Whilst the event itself was not televised, video of the occasion does exist in addition to the soundtrack. In an era before television news, cinemagoers enjoyed the footage in newsreel form, which is still available to view today via British Pathé, after the fact. Meanwhile, broadcast on the newly launched BBC Television Service that had been introduced just six months before, the coronation procession was a pivotal moment in television history that many consider Britain’s first major outside broadcast.
When Her Late Majesty Queen Elizabeth II acceded to the throne just 15 years later, television technology had advanced dramatically. This meant that the United Kingdom could watch the ceremony live on TV, making it the first full broadcast of a British coronation ceremony. Whilst then–Prime Minister Winston Churchill had allegedly been against the idea, Queen Elizabeth II herself allowed it, making history in the process. An estimated 27 million Brits watched the event unfold on their TV sets, whilst the event was also broadcast live across Europe – another first. Footage was also sent over to America and Canada by aeroplane so that other areas of the world could watch this historic occasion. During the coronation, 8,251 guests attended the ceremony, representing 129 nations and territories.
Due to the television broadcast, the public was able to see the various stages of a coronation ceremony for the first time. Hundreds of years old in their own right, these historic traditions date back to the earliest coronations and involve six stages: the recognition, the oath, the anointing, the investiture, the enthroning and the homage.
Known as the recognition, the monarch is introduced to the congregation before they swear to uphold the law and the Church of England. Next comes the anointing, which involves the new sovereign sitting on the Coronation Chair and the Archbishop of Canterbury anointing the monarch with holy oil. Traditionally one of the more exclusive and private parts of the ceremony, the monarch is typically concealed from view for this stage of the ceremony.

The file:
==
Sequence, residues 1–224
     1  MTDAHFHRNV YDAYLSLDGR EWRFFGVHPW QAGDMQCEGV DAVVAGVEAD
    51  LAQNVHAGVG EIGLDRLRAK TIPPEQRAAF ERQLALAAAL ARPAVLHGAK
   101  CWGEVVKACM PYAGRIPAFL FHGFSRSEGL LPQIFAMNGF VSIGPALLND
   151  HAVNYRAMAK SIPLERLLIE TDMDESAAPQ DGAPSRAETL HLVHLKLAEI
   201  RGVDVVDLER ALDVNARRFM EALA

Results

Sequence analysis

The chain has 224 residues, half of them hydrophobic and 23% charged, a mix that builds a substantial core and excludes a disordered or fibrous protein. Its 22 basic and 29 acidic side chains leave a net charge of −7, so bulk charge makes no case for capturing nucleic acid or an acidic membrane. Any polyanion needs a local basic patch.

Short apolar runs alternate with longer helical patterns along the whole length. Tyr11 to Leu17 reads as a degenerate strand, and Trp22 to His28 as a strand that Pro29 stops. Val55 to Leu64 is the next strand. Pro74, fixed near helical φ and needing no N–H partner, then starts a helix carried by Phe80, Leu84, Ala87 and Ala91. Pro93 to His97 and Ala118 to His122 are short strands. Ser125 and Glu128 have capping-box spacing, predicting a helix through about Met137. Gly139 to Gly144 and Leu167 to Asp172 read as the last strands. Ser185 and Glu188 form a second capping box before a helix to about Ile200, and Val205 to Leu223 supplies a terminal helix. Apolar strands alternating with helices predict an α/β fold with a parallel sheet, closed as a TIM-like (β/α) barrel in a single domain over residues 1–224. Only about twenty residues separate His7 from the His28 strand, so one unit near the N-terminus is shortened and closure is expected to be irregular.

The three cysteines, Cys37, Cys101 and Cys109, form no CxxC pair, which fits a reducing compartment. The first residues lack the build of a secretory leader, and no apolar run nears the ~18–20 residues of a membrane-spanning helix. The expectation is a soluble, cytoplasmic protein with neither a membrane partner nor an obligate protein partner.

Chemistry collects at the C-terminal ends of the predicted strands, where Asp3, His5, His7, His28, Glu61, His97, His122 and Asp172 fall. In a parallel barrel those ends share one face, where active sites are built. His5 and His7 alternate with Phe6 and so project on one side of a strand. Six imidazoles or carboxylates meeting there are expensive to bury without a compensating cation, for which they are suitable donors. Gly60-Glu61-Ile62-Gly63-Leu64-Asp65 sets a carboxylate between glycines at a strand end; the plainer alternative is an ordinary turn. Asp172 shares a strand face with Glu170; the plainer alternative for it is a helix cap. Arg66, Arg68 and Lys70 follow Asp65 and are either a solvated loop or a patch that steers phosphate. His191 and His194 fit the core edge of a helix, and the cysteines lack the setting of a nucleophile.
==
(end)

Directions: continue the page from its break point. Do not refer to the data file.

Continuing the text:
The sovereign is then presented with regal items, such as the Royal Orb and Sceptre, before the crown is placed upon the monarch’s head; this is known as the investiture. Next, the crowned monarch leaves the Coronation Chair and takes their rightful place on the throne, before the peerage pays homage to the newly crowned sovereign, completing the ceremonial steps before the closing procession.
In line with tradition, the coronation of His Majesty King Charles III will take place at Westminster Abbey and likely involve many of the coronation traditions that have gone before. However, many expect the event itself to be a more scaled back affair than previous coronations and His Majesty The King has expressed his desire for the ceremony to reflect modern Britain, both of which will likely be evident in its duration.
Whilst the specifics of King Charles III’s coronation remain a closely guarded secret, the occasion is one that will no doubt capture the imagination of the British public as well as those interested in royalty around the world. Marked with a bank holiday in the UK, this historic event is set to bring families and friends together in celebration.